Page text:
Application of Economic Instruments in Environmental Management

Feasibility and Operational Plan

By Prof. Tongroj Onchan and Asst. Prof. Dararatt Anantanasuwong, Ph.D.


Executive Summary

Over the past 30 years of impressive economic growth, Thailand has experienced rapid industrialization. Unfortunately, this transition has resulted in significant industrial pollution in many areas, particularly in the BMR where there is a high concentration of factories. Environmental policies and the enactment of significant environmental laws in 1992 have increasingly emphasized the application of the Polluter Pays Principle (PPP), in particular, since the inception of the Seventh National Economic and Social Development Plan (1993). Several studies have been conducted with the main objective of convincing policy makers, industrialists and the general public of the benefits and feasibility of an approach to applying PPP which relies to a greater degree on the use of economic instruments (EIs) to overcome the deficiencies of the commonly used command-and-control (CAC) approach.

The Thailand Environment Institute (TEI) has undertaken several studies on the application of EIs, beginning with the 1994 CIDA funded study "Applying the Polluter-Pays-Principle: Time for Action", followed by the 1997 and 1998 GTZ funded studies on the "Development of Economic Tools in Industrial Environmental Management" and "An Operational Plan for the Application of Economic Tools in Industrial Pollution Management". The focus of TEI's industrial pollution management research has specifically been in the tannery, palm oil and canned fish industries. In contrast to studies recently undertaken by other research organizations, TEI's studies attempt to analyze the feasibility and implementation of EIs with the view that these findings can be applied in practice.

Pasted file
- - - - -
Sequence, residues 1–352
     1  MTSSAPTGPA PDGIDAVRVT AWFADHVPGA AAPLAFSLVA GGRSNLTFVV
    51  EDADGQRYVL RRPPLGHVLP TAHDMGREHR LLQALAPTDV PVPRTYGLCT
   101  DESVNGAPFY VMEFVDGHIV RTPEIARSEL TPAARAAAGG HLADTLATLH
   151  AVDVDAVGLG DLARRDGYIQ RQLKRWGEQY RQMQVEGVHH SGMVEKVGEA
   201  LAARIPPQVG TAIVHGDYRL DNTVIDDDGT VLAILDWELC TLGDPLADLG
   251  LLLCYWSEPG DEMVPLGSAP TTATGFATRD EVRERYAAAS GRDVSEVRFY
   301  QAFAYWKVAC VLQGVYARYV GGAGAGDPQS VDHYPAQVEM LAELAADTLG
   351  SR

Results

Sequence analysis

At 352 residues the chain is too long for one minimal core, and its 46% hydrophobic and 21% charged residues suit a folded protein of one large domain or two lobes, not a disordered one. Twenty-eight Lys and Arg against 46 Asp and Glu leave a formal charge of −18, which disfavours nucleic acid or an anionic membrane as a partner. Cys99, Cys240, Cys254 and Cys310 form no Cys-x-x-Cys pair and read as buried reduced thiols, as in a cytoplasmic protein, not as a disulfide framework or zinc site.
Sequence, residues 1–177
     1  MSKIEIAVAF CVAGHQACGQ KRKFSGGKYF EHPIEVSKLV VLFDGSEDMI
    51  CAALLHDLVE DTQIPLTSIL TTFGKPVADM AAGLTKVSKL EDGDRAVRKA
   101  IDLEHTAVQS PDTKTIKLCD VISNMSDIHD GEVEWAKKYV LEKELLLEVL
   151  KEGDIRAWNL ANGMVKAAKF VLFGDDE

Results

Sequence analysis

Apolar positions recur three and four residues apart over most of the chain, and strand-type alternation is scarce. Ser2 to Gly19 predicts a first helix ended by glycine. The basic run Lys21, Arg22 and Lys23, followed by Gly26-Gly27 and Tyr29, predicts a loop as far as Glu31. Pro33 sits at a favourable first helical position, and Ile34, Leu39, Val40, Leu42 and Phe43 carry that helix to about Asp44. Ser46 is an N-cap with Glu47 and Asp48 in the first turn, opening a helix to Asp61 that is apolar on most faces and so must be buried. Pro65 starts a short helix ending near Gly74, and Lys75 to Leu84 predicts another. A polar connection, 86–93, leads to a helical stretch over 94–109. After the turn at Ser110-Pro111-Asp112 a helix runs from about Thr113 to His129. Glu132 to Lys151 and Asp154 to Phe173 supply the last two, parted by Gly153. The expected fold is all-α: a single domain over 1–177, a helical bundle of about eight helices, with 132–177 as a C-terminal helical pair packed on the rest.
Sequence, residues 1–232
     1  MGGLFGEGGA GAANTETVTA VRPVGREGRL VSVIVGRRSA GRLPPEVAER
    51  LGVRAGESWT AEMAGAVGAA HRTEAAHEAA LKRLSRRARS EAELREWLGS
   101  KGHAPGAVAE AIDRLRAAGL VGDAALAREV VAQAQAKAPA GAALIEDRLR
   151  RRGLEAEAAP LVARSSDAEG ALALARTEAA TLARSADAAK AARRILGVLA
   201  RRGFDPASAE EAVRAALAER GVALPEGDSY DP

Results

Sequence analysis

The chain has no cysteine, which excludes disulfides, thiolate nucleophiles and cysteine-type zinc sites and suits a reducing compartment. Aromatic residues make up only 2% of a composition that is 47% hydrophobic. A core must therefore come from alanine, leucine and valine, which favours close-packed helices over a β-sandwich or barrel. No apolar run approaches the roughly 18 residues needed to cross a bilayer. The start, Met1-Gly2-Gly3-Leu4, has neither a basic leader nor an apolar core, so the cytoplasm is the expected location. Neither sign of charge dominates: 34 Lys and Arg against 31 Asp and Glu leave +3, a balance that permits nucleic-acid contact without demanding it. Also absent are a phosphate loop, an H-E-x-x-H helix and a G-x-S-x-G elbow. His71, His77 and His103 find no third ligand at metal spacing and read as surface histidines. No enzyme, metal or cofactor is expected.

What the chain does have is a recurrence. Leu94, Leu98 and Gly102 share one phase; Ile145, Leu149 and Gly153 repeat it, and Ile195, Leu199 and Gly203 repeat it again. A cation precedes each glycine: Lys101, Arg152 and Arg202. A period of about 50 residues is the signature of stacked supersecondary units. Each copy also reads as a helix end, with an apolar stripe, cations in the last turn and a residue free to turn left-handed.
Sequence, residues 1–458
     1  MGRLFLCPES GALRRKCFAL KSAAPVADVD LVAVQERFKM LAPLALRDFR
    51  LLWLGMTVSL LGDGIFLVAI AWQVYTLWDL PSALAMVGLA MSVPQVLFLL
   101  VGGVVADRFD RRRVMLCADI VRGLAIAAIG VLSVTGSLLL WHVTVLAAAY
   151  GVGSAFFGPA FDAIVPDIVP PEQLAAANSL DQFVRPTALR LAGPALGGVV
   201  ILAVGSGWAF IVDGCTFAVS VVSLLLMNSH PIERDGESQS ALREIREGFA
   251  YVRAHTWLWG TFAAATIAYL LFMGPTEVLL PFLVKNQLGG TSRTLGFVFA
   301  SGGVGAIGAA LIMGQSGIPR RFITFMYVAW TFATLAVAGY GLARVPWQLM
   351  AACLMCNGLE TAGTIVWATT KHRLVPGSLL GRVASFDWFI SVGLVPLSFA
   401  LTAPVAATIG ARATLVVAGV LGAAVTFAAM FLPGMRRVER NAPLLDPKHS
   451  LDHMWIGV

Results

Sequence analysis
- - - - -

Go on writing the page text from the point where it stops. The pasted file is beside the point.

This paper summarizes the results of TEI's two most recent studies. The first study is focused on feasibility aspects while the latter is on an operational (management) plan for the application of EIs in industrial environmental management.

The 1992 Factory Act divides all industries into three types (Type 1 - small, Type 2 - medium and Type 3 - large). Although Type 2 is comprised of only 37 per cent of the total number of factories, it contributes significantly to industrial pollution within the BMR. The majority of industrial factories fall within the food category. In combination with the significant potential for increased levels, the existing high levels of wastewater, solid waste and air pollution generated by the tannery, palm oil and canned fish industries have contributed to TEI's selection of these sectors for research purposes. Emission Charges (ECs) and Pollution Management Fees (PMFs) have been identified as the most appropriate option among available EIs for the management of industrial pollution. Regardless if discharges meet standards, the government will collect ECs from pollution. Regardless if discharges meet standards, the government will collect ECs from pollution sources, while PMFs aim to encourage factories to reduce wastes through improved production processes.